Every year the challenge for the St. Mungo Singers is fitting the choir’s own Christmas celebration in while meeting its other obligations. This year, they decided to combine work and pleasure, organising a joint Carol Service on 8th December with the parish choir at St. Leo the Great parish, where they are based. This would also be recorded for use on RadioAlba and it would be followed by a Christmas celebration in the parish hall.
The service was a beautiful mix of the old and the new, the traditional (and well-known) and the contemporary (and perhaps less familiar). The choirs were joined by instrumentalists, family and friends, and parishioners. Before the service began, the St. Mungo Singers sang the joyful carol “Resonet in Laudibus”, then candles were lit, as the congregation sang James Quinn’s beautiful “O Light from Light” and the Christmas Introit.
Frank Docherty’s lovely setting of the Prologue of St. John’s Gospel, which followed, reminded us of the eternal truths and the purpose of the Incarnation, and the UN hymn for the World Day of Peace turned our thoughts to the birth of the Prince of Peace and the crying need for peace in our world today. We prayed for Bethlehem (as parishioners of St. Leo’s do every day at Mass as they light the candle in their Dove of Peace) and we sang “O Little Town of Bethlehem”.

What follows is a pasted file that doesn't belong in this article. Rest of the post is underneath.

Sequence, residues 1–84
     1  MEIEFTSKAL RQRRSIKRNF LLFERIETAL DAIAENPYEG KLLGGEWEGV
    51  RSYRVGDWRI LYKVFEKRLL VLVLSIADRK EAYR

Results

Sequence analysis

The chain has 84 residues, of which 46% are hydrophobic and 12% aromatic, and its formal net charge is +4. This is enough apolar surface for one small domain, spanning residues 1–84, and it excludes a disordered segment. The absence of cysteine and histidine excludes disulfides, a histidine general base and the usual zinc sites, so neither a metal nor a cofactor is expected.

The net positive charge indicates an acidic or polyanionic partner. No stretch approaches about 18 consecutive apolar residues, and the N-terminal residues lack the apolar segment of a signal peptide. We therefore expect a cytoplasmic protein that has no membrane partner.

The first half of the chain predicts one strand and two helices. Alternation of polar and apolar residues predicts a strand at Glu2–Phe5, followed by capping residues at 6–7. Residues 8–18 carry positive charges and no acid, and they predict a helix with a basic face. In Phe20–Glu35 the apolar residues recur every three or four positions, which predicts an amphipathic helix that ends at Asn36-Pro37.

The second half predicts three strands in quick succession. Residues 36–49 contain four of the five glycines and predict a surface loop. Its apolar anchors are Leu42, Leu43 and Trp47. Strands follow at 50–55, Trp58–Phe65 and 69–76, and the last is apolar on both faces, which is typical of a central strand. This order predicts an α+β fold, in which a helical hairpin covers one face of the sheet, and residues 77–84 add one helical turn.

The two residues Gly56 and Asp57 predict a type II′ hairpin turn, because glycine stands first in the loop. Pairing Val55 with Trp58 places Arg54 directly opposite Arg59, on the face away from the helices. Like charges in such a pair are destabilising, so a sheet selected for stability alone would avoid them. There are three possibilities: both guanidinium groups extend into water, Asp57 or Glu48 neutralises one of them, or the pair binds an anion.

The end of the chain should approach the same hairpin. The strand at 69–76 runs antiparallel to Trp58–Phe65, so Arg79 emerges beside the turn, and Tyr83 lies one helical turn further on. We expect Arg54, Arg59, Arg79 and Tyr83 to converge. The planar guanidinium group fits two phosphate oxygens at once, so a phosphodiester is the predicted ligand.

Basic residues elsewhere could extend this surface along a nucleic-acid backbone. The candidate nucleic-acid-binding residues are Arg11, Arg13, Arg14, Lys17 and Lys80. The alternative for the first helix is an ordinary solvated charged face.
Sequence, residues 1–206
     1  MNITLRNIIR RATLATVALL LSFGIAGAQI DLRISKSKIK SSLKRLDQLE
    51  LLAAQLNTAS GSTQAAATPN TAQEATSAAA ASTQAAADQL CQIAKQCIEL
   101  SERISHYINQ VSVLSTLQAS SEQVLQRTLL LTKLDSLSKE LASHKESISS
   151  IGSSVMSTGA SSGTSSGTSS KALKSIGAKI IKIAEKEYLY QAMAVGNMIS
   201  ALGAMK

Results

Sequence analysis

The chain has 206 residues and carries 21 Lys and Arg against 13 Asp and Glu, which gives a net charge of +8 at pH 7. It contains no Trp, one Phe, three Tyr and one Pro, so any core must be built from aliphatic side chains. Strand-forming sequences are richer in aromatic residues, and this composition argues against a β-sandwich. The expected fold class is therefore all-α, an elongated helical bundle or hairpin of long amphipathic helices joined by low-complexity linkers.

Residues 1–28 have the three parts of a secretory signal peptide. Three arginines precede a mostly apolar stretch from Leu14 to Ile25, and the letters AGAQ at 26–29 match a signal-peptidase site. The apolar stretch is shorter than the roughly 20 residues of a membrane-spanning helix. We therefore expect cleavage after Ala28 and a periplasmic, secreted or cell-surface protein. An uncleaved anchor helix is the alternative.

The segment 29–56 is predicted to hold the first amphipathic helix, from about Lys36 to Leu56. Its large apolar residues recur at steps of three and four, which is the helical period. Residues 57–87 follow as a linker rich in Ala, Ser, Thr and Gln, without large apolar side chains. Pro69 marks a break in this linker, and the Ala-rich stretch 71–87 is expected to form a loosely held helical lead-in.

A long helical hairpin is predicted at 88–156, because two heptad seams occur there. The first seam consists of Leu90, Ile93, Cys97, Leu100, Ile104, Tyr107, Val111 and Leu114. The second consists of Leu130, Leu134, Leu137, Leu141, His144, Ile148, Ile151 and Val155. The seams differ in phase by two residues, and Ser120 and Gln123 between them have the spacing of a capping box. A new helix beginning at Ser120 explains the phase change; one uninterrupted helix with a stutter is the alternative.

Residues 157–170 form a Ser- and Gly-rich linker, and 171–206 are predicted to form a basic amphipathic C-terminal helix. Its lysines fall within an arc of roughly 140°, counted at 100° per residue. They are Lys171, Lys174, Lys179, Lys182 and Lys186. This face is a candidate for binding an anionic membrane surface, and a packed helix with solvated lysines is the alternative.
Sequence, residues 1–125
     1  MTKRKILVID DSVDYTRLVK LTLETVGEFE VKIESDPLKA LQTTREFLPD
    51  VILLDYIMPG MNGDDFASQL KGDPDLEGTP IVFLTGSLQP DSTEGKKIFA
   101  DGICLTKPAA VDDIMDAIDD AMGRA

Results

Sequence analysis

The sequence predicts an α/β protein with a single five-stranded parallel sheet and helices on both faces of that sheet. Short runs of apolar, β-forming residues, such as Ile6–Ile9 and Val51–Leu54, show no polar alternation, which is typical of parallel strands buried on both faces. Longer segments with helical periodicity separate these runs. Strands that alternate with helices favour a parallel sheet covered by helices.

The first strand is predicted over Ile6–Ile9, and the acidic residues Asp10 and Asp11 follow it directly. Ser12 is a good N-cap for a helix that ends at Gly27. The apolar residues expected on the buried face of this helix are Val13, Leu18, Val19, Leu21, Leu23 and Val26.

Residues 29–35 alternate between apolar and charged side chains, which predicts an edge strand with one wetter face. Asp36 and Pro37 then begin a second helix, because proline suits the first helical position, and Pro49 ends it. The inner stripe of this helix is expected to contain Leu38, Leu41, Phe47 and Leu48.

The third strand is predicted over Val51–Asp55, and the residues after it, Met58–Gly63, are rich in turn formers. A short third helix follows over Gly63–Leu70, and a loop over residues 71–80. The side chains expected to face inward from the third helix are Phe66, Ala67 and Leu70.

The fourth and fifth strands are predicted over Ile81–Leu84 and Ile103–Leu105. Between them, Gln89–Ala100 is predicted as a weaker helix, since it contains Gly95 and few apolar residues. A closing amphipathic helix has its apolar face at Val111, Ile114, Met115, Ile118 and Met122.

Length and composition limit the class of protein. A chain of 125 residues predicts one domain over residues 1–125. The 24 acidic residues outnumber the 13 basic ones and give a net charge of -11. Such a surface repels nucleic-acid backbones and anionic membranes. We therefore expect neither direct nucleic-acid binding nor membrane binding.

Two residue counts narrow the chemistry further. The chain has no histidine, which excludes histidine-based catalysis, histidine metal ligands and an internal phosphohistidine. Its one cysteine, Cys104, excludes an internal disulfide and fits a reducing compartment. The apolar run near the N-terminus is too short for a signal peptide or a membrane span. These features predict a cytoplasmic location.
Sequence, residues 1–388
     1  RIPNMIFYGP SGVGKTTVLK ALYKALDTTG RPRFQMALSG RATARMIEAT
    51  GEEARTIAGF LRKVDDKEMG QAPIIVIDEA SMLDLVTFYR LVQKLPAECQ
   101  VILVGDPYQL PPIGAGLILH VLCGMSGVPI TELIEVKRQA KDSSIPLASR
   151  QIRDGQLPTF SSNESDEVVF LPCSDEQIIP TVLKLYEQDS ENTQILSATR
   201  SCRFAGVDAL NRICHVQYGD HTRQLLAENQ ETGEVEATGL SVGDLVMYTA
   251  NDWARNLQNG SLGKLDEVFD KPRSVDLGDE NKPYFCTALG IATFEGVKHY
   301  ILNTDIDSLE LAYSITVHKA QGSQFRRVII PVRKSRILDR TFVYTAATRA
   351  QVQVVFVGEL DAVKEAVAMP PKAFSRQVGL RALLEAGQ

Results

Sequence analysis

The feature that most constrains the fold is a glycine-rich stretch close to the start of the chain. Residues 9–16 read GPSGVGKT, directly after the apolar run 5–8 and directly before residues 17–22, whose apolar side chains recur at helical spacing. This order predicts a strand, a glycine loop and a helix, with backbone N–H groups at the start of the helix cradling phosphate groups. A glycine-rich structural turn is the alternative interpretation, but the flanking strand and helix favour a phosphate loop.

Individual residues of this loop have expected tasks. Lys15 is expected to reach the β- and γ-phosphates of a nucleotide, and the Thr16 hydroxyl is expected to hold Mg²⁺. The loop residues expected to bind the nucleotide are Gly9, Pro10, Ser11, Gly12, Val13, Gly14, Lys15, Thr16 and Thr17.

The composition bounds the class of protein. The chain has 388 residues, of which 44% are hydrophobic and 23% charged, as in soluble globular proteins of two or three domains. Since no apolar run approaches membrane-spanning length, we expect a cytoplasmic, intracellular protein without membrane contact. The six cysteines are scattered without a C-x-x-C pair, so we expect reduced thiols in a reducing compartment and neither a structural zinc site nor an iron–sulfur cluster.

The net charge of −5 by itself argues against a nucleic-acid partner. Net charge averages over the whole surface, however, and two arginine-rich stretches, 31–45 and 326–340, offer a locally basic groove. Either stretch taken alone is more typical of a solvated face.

The fact and purpose of the Incarnation was celebrated again in the singing, by cantor and choirs, of Ken Jones’ “He became as a man” which is based on St. Paul’s Canticle in the Letter to the Philippians. Then the much loved carols “Silent Night” and “Hark the Herald Angels Sing” gave everyone an opportunity to get into the spirit of things.
The scripture reading was the Christmas Gospel, sung by cantor with choir and congregation responding at the end with the song of the angels “Glory to God in the highest heaven and peace to all who enjoy his favour!”. Then the tempo changed with the gentle “Away in a Manger”, another well-loved favourite. This was followed by the choirs singing Bach’s “Jesu, Joy of Man’s Desiring”.
Christmas is a time for remembering, and the final part of the service provided the opportunity to pray for the members of the choirs and the parish who had died, for the victims of the recent Clutha Vaults accident in Glasgow and for Nelson Mandela. The prayers finished with the singing of “How Blest are Those who have Died in the Lord” and the saying of the Lord’s Prayer.
Another Bach favourite “Sheep may Safely Graze” seemed appropriate before the blessing sung by Mgr. Gerry Fitzpatrick, and the service ended with the joyful sound of “O Come all Ye Faithful”.
The St. Mungo Singers certainly celebrate the joy of the Gospel in what they do, as Pope Francis exhorts us to, and after this lovely service, they retired to the church hall to continue their celebrations with food and fellowship.